Archbishop Peter J. Sartain of Seattle praised American religious women as a “great gift” days after being asked by Pope Benedict to help reform the U.S.'s Leadership Conference of Women Religious.
“What I hope and pray for every day is that I, first of all, do as the Lord asks and do as the Holy Father asks,” said the archbishop, describing the task of renewal ahead to CNA on April 23.
He said he hopes “to work in a positive way,” recognizing “the wonderful contribution of religious women in the United States, and to work in a way that shows our continued love and support for their extraordinary contribution.”
Archbishop Sartain made his remarks in Rome only days after Pope Benedict XVI also publicly praised the contribution religious women make to the U.S. Church and society.
“In coming months I will have the honor of canonizing two new saints from North America,” the Pope said in a Saturday April 21 address to the Papal Foundation, a U.S.-based charitable institute.
The pontiff described Blessed Kateri Tekakwitha and Blessed Mother Marianne Cope – both who are set to be canonized on Oct 21. – as “striking examples of sanctity and heroic charity” who also “remind us of the historic role played by women in the building up of the Church in America.”
“Those are exactly my views,” Archbishop Sartain echoed, “which makes me very happy because obviously in the United States the role of women has been important from the very beginning.”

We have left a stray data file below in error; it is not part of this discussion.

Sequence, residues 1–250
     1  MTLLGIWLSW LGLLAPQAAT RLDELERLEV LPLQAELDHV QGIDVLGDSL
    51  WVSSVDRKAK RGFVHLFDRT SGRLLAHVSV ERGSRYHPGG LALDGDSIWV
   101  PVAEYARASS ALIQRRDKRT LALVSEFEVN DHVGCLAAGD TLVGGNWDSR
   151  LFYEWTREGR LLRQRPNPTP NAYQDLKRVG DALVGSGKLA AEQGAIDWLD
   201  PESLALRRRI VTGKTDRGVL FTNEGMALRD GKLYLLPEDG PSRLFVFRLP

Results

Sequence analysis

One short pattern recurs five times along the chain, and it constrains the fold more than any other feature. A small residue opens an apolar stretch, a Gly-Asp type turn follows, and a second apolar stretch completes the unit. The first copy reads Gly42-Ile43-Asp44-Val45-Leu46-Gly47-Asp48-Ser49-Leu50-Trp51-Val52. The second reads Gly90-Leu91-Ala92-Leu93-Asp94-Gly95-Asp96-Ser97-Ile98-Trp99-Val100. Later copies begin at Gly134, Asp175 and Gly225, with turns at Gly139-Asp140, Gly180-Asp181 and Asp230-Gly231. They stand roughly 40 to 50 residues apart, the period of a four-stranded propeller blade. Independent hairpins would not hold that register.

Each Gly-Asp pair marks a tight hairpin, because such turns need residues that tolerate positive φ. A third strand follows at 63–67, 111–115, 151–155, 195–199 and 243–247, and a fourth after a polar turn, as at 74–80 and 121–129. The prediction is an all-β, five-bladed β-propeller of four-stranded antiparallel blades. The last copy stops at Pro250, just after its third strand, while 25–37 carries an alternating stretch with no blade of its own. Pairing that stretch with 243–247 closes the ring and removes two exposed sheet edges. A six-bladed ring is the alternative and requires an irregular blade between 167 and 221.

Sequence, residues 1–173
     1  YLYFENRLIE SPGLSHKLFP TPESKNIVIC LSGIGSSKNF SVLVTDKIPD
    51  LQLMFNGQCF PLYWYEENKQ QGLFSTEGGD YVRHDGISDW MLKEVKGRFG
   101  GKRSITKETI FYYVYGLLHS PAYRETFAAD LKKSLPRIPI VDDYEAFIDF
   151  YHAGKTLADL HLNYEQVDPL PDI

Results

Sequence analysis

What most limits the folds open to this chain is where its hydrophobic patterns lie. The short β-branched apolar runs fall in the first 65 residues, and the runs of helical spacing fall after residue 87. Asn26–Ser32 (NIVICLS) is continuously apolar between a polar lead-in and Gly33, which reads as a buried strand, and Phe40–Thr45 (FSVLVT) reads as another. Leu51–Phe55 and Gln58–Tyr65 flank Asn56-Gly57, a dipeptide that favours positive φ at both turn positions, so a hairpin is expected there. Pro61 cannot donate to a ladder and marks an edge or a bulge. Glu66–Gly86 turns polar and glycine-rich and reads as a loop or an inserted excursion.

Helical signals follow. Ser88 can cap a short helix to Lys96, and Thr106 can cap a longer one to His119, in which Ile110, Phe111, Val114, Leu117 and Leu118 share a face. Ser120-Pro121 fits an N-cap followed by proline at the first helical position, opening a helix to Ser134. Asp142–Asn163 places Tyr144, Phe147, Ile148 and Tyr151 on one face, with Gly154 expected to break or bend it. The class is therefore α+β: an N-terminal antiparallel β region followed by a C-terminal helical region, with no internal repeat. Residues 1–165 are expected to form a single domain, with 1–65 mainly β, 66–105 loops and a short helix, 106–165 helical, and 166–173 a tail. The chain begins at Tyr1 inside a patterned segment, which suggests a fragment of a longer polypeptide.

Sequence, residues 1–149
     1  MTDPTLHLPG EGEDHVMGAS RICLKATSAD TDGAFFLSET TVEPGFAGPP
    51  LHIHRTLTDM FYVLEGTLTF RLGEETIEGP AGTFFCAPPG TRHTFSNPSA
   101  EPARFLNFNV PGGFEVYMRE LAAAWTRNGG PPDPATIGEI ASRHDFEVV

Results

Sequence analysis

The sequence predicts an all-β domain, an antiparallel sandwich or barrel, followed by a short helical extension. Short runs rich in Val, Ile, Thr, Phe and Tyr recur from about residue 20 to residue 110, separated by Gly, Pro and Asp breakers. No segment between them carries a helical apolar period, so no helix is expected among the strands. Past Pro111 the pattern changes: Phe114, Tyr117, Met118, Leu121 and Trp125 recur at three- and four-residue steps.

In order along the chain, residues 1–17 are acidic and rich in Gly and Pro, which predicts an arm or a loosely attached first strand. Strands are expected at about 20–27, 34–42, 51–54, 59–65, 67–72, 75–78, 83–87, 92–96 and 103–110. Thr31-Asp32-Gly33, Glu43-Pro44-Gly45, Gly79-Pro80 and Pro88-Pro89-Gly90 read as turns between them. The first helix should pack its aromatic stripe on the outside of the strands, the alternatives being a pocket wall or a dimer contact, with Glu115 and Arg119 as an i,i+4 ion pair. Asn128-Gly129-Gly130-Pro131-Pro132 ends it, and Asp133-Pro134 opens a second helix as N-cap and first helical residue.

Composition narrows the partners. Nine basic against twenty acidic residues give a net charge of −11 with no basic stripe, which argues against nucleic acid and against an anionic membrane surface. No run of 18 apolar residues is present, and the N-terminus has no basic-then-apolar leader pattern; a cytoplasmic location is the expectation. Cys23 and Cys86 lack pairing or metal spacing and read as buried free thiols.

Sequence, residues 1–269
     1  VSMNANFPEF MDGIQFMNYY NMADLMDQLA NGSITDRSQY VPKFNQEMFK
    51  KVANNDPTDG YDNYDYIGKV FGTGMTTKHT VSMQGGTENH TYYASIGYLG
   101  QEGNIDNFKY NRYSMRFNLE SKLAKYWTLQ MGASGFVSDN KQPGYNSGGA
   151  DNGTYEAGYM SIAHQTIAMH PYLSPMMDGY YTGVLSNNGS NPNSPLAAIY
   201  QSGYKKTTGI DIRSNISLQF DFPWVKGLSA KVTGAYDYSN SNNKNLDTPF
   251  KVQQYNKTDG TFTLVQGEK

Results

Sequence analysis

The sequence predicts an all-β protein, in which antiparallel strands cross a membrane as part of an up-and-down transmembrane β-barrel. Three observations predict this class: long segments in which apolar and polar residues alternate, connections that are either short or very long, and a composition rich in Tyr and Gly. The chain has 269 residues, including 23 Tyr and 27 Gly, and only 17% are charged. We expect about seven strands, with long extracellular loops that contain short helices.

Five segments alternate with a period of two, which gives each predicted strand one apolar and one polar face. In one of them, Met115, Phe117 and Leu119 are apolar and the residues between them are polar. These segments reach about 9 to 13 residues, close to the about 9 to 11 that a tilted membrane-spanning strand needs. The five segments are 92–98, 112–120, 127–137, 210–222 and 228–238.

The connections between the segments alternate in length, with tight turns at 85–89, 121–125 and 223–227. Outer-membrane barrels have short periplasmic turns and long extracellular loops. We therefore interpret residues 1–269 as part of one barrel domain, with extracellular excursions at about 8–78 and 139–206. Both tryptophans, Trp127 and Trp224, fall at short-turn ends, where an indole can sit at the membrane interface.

The archbishop explained that it was the women religious of Archdiocese of Seattle who were the “pioneers” in the “evangelization of the Gospel, care for the poor and the sick and education,” as happened elsewhere across America.
Controversy ignited, however, when the Vatican’s Congregation for the Doctrine of the Faith ended a four-year audit of the Leadership Conference of Women Religious on April 18, concluding that the organization was in the midst of a “crisis” of belief.
Among its key findings, the assessment documented serious theological and doctrinal errors in presentations at the conference’s annual assemblies in recent years.
Several depicted a vision of religious life that is incompatible with the Catholic faith, the assessment said, with some attempting to justify dissent from Church teaching and showing “scant regard for the role of the Magisterium.”
The document also cited one address which spoke of “moving beyond the Church” and even “beyond Jesus.”
Archbishop Sartain stressed that he firmly believed the vocation of women religious continues to be a “great, great gift” to the Church and the world.
He praised what he called the “total consecration of one’s life, of the life of these religious women to Christ, who in every way are giving themselves in sacrifice and love to be the embodiment of the Gospel itself and to be in relationship with Christ their entire lives.”
“I think it is such a wonderful witness to the world and something I have had the benefit of seeing throughout my whole life and the four dioceses that I have served,” he said.
The Leadership Conference of Women Religious has more than 1500 members, whose congregations represent over 46,000 religious sisters. The average age of membership is 74.